03 Aug THE RESURGENCE OF LAYAWAY
With the depressed economic conditions it was inevitable to see the arrival of layaways. The layaway model had faded as cheap credit cards became widely available to most, even those with challenging FICO scores. Now, with far stricter underwriting and credit guidelines, stricter overdraw limits on bank accounts, and consumers themselves wanting to exercise constraint, the resurgence of the layaway is inevitable.
On the surface, it’s a fairly simple model, put the purchased goods under the layaway plan, pay it off in manageable amounts, and pick it up in time for the holidays. But layaways come with service fees, down payments, cancellation fees and payment schedules, not to mention refund policies.
The list of retailers that have found layaways to be an attractive option in this economy include industry leaders such as Best Buy, Walmart, and Toys “R” Us. The traditional layaway players such as Burlington Coat Factory, Kmart and Sears, have offered layaway for decades and are marketing their programs aggressively.
“Layaway was not even a player in terms of a financing tool. Today, it is earning a rightful place in that arena,” said Salima Yala, divisional vice president of layaway for Sears and Kmart. “Customers cannot continually rely on credit to fund their purchases.”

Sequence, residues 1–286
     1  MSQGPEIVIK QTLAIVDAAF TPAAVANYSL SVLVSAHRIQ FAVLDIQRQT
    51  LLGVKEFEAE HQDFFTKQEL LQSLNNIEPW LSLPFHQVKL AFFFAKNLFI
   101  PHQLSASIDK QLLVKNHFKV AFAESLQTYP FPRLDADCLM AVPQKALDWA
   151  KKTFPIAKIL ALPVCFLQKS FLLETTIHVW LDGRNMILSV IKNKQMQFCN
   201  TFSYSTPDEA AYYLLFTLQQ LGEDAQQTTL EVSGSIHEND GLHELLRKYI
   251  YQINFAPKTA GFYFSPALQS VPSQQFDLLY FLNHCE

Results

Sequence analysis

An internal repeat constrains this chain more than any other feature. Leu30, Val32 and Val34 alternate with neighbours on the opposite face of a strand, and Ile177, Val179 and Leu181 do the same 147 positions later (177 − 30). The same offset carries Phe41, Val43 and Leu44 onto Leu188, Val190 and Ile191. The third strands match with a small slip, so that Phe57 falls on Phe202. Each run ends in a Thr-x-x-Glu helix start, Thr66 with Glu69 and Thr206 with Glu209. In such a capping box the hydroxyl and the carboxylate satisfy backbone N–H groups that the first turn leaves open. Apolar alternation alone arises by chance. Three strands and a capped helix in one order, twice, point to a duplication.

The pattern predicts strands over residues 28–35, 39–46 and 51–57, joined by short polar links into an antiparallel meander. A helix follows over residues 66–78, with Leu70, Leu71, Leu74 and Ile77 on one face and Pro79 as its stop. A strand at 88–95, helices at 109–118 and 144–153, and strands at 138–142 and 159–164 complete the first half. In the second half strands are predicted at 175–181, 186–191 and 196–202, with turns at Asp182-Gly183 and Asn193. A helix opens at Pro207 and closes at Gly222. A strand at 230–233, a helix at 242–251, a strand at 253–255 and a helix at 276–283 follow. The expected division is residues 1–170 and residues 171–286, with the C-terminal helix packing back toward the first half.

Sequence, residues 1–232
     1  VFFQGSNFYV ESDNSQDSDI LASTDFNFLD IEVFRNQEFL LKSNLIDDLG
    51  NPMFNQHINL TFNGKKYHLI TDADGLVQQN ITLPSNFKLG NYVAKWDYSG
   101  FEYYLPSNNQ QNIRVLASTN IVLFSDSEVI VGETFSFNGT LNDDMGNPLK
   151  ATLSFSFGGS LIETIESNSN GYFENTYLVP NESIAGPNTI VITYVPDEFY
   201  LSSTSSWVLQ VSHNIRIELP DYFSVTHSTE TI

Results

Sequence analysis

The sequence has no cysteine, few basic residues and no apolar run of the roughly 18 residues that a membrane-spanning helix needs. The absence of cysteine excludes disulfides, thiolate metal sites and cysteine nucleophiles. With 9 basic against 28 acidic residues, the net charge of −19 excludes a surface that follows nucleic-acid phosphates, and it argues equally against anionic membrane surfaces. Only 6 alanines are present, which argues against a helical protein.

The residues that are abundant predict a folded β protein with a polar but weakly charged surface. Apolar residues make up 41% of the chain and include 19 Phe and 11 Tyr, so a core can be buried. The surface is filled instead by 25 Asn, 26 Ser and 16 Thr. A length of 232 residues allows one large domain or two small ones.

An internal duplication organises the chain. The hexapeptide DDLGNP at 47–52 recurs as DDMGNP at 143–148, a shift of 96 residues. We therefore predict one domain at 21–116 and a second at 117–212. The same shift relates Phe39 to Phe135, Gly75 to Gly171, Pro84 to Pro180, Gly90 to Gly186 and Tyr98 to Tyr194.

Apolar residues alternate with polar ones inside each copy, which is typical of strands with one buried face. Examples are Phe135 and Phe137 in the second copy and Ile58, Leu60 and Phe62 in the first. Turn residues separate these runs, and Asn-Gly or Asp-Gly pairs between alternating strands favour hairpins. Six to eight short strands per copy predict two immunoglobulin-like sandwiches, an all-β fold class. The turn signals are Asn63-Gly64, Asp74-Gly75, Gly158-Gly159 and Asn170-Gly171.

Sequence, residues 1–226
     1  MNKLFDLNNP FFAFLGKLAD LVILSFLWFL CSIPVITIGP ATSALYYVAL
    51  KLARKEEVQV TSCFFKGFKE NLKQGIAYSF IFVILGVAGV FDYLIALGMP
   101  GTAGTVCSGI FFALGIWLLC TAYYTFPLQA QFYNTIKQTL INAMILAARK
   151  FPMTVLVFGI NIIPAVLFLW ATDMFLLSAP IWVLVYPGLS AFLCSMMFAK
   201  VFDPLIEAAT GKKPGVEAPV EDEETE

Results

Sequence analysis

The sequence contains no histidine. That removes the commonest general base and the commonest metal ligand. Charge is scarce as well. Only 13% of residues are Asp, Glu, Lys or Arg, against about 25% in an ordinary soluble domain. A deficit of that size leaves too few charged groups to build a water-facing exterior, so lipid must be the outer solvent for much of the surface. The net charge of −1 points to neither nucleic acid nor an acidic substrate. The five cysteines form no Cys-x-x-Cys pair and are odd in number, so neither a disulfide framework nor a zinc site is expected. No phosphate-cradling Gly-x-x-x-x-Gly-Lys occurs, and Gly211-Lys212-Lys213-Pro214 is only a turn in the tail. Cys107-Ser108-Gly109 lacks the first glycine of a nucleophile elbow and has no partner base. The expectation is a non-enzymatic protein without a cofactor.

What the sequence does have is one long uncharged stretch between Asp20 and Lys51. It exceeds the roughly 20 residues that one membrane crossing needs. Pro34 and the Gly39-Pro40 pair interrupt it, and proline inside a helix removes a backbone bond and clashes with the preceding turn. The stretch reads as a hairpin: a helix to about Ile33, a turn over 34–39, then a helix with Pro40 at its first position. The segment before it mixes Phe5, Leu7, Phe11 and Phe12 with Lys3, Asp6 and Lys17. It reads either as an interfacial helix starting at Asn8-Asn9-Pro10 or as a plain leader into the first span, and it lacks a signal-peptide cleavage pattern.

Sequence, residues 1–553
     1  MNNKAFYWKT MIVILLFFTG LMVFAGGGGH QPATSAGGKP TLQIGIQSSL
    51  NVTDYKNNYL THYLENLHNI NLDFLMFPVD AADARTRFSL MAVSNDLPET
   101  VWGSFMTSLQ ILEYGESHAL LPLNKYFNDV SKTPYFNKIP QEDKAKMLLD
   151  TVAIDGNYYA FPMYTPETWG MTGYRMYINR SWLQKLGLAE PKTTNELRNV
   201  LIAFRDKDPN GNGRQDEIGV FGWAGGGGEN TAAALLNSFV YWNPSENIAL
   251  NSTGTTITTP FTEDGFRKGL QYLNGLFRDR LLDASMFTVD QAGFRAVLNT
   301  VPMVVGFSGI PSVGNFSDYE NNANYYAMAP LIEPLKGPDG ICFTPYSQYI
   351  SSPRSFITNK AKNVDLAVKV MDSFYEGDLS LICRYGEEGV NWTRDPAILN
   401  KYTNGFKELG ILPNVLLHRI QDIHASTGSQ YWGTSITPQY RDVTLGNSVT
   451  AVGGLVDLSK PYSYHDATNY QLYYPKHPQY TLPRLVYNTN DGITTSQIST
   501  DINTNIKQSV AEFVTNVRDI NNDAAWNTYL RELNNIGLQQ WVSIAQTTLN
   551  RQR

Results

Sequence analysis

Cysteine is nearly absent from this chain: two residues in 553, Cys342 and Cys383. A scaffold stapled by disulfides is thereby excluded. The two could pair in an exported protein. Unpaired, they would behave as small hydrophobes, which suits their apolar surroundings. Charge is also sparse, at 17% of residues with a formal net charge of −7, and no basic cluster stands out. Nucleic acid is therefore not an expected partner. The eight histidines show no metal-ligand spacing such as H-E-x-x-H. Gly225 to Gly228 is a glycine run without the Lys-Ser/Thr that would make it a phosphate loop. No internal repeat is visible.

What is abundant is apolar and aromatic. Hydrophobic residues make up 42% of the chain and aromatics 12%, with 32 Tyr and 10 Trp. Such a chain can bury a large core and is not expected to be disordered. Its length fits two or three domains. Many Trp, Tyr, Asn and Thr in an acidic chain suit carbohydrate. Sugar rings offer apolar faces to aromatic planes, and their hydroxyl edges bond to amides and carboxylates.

Surveying the landscape, we find that retailers generally charge a flat upfront service fee, usually $5 to $10 to use their layaway programs. Walmart, Toys “R” Us, Kmart and Sears all charge $5. Best Buy is an interesting case; it requires a 5% service fee with a minimum purchase price of $250. That implies a minimum service fee of $12.50.
Most layaway programs require a 10-25% down payment on the merchandise cost.
The typical payment schedule is biweekly, with no penalties for early payment. Other conditions may apply as retailers look for risk mitigation strategies – for example, the Toys “R” Us program requires 50 percent to be paid within a certain amount of time.
Retailer like to pass the cancelation costs on to the consumer if they don’t keep up with scheduled payments or decide to voluntarily cancel. In addition to forfeiting the service fee, the cancellation fee ranges from $10 – $20.
The refund model is interesting; it’s always almost always transfers back to the consumer’s bank account (via ACH) or credit card. Some like, Burlington Coat Factory, insist on transferring the money to a store gift card.